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'White House, Inc.' Author: Trump's Businesses Offer 'A Million Potential Conflicts'

<em>Forbes</em> journalist Dan Alexander writes about the president's potential conflicts of interest in <em>White House, Inc</em>. "You can't have a blind trust and have a building that says 'Trump Tower' on the outside of [it]," Alexander says. "How blind is that?"
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Forbes journalist Dan Alexander writes about the president's potential conflicts of interest in White House, Inc. "You can't have a blind trust and have a building that says 'Trump Tower' on the outside of [it]," Alexander says. "How blind is that?"

Past occupants of the White House have placed their business holdings into a blind trust. Not President Trump.

Forbes magazine investigative journalist Dan Alexander has pored over business records, mortgage documents and government reports — and even staked out some Trump properties — to assemble a detailed picture of the president's business interests. He says the president has broken a number of pledges he made about how he would conduct business while in office.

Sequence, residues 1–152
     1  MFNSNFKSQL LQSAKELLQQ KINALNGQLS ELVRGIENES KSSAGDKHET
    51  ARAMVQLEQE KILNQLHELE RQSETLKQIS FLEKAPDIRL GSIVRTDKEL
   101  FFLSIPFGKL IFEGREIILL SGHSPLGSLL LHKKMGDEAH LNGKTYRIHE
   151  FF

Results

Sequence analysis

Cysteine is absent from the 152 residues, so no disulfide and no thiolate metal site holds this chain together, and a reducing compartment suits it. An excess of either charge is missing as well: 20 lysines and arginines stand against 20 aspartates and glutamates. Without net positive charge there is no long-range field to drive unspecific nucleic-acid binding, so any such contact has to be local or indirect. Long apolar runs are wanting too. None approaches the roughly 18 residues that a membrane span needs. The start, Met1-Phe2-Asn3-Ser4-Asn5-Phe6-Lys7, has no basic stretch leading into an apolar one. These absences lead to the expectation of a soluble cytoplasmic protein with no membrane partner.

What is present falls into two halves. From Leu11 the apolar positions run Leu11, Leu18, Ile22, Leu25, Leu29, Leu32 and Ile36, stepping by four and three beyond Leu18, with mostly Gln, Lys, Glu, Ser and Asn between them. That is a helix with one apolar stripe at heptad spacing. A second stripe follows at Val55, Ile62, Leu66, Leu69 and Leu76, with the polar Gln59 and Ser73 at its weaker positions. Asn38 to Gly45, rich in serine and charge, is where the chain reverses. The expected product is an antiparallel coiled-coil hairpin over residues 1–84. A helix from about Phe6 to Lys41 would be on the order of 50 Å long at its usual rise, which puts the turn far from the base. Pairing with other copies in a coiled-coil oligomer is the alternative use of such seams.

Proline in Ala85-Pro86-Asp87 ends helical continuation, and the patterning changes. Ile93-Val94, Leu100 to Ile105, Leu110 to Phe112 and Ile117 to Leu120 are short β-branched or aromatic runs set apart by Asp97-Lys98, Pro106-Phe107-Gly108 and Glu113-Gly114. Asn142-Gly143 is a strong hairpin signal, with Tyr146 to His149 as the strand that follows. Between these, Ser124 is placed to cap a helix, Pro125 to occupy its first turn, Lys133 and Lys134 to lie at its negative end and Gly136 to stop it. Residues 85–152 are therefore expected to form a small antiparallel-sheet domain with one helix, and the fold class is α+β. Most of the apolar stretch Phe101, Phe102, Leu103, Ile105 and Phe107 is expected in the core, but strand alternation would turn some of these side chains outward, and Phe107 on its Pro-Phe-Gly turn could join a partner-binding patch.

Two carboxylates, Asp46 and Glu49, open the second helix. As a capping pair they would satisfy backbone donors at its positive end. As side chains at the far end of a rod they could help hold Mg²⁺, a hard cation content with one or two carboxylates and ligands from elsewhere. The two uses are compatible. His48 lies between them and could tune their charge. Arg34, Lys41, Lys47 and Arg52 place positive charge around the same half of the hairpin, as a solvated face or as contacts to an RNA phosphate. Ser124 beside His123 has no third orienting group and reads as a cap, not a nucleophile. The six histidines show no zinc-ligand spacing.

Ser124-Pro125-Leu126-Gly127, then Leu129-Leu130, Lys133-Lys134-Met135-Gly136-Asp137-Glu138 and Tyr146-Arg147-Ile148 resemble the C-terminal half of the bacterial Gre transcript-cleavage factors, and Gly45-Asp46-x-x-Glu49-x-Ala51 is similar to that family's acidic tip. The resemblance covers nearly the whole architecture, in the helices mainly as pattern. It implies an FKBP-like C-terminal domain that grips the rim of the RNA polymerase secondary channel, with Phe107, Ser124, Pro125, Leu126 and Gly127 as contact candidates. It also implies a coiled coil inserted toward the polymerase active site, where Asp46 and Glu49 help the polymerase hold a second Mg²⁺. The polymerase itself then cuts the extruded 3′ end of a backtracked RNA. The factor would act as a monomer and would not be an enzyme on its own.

"One of [the pledges] was that he was going to do no new foreign deals, and he ended up doing foreign deals anyways," Alexander says. "Another one [was] that he was going to have outside ethics advisers review all new transactions that were coming into his business. That did not happen."

As for Trump's suggestion that he would donate all profits from foreign governments to the U.S. Treasury? Alexander says that hasn't happened either.

"If you just do the math on the rent that flows in from the Industrial and Commercial Bank of China, which rents space on the 20th floor of Trump Tower, and then you look at what the profit margins are on rent flowing into that building, you can see that just that one lease alone means that more than three times as much money from China is flowing into Trump's coffers than his business has donated in what it says are its profits from foreign governments," Alexander says.